CineMathematics or CinemaThematics. Your choice

Sunday, December 03, 2006

Jay Sherman as Critic

This is my entry into the Film Criticism Blog-A-Thon. Check out No More Marriages! for the full list of links.

There is one important credit on The Critic that should tell you everything you need to know about the show. It was created by Al Jean and Mike Reiss, both writers and producers for The Simpsons. Now, this isn't just something to put in ads for the show (which Fox undoubtedly did during its run). It explains The Critic's entire view on its subject. The Simpsons was the greatest animated program in television because it managed to use broad generalizations and stereotypes to make incisive and accurate commentary about the state of the American people. And in this way, The Critic takes a sharp attack, not only on the sorry state of the media (I think it's become more relevant now than it was then), but also on the people who watch these things for a living.

Jay Sherman is a man who wants to love movies. If only the movies were any good. He lives in a world of crappy sequels, remakes, and inter-franchise mashups. It has got to the point that he takes great pleasure in dumping on movies that could be considered a crime against humanity. And so he is strongly disliked. His ratings are in the toilet, and most of the people who watch him watch for the clips more than his opinion. His boss constantly breathes down his neck about his ratings, and his integrity is constantly compromised.

And so is the life of the critic. More often than not, this sort of thing is played for laughs, but there's still the truth sitting there for the world to see. Because, really, once you start looking at the movies and seeing what people actually call good films, it's hard not to keep your mouth shut. And that's what Jay does. He tells it like it is, and yet he is slandered and abused for his opinions. But he is not a completely sympathetic character. Sometimes he is wrong, like when he calls Jean-Paul LePope a bad actor, and sometimes he compromises his integrity for the sake of a possible girlfriend. And yet he is never a truly unsympathetic.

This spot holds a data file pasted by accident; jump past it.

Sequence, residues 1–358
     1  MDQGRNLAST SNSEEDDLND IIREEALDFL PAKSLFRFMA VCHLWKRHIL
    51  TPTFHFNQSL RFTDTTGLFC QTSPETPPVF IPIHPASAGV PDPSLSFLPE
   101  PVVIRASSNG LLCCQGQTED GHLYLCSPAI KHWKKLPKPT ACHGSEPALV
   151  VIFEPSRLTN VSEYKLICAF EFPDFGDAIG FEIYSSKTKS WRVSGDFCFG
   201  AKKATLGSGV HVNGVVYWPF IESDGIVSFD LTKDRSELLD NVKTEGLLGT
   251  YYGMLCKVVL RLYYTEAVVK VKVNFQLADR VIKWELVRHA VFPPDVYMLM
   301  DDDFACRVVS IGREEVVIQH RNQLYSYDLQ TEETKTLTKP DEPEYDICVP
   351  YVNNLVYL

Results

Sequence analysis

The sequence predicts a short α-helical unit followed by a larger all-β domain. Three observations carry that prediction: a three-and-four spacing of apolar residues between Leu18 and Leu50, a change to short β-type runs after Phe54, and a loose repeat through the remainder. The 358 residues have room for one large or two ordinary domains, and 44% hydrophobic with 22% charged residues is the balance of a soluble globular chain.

Jay Sherman is the ultimate stereotype of the film reviewer. He doesn't like most of what's out there, and nobody likes him because of that. And yet he is a real critic. He is fallible, has a few fans, and remains a real person throughout his adventures. So maybe, the next time you decide a film critic is moronic/insane, remember Jay. Sometimes they can be just wrong, but their heart is in the right place.

I'll leave you with this, a clip from a movie Jay had to review:


Anonymous Anonymous said...

Forget all those people who made critics about that movie.Just be yourself.

Laby[stacy adams suit]

9:00 AM


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